HESPERIA • As far as Lynnae Franklin was concerned, Thursday did not seem different than any other day of school at Pathways to College Elementary.


After spending recess jumping rope, 7-year-old Franklin returned to class and prepared herself for a trip to the school's computer room. But as soon as all of her classmates found their way back to their seat, Franklin's teacher, Ms. Jones, directed their attention to three visitors who had entered the classroom with a very large check. Unknown to Franklin, it belonged to her.


Accompanied by Franklin's grandparents, Robert and Colleen Manghane, Midge Nicosia, the executive director of the Victor Valley Community Service Council, presented Franklin with a $1,000 check for taking first place in the Great Duck Race — a fundraiser that races toy ducks and donates its proceeds to programs that assist senior citizens.


"We wanted to surprise her," said Colleen Manghane, who ended up surprising more than just her granddaughter.


As Nicosia called Franklin to the front of the class and explained what the money was for, the class erupted in an applause with every eye fixated on Franklin and nearly every mouth dropped half-way to the floor.


In a matter of moments, Franklin had received more money than she had ever seen in her life and become one of the richest thirdgraders at her school.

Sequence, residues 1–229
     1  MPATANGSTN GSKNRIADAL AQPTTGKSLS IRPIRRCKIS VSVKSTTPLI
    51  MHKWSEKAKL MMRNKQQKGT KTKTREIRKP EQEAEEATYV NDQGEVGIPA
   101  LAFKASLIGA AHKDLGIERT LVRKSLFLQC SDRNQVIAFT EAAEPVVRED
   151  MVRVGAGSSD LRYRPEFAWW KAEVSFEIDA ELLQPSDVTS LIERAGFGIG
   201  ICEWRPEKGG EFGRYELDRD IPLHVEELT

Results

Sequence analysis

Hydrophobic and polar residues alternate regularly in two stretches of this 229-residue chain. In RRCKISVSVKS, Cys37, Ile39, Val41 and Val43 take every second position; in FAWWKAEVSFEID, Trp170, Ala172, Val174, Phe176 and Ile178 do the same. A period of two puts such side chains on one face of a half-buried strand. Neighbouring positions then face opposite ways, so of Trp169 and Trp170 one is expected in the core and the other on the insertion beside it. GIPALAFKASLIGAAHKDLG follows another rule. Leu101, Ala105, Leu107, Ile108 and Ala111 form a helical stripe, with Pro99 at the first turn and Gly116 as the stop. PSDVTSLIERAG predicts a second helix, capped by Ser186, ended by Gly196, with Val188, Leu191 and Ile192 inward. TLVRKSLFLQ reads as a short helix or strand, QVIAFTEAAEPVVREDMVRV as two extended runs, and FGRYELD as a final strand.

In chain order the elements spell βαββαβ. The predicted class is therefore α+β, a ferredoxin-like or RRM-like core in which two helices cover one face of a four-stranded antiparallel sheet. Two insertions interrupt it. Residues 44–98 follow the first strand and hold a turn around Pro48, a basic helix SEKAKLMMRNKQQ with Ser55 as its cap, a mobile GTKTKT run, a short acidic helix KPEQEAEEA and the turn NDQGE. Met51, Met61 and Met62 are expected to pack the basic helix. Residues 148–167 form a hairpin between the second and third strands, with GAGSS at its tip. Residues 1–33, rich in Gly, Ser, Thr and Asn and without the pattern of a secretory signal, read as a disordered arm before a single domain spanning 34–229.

"I feel happy," said a shocked Franklin, who could barely muster any other words.


With each duck costing $20, and no limit to how many ducks could be entered, Franklin's lone duck was only one of 432 other contestants during Sunday's fundraiser. But what had made the check all the more surprising was that she was unaware of the results of the race, which was part of the weekend's Hesperia Days celebration. Due to other obligations, Franklin and her family were unable to attend.


"I know how she feels because I was in shock too when I received the call on Monday," Colleen Manghane said.


Colleen Manghane, who runs the nonprofit organization Foster Care and Relative Emphasis with her husband, was responsible for entering Franklin and several other of her grandchildren in the race, and has developed a relationship with Nicosia through network meetings between local organizations. With Franklin currently living with her grandparents, Nicosia could not have been happier to see who the recipient of the money was.


"It couldn't have been a better situation," Nicosia said. "It was the best possible outcome for a girl who needs the money."


While the rest of the class fantasized how they would spend $1,000, Franklin has no idea how she will spend the money.


"They (classmates) are going to want you to buy ice cream for them," joked Robert Manghane.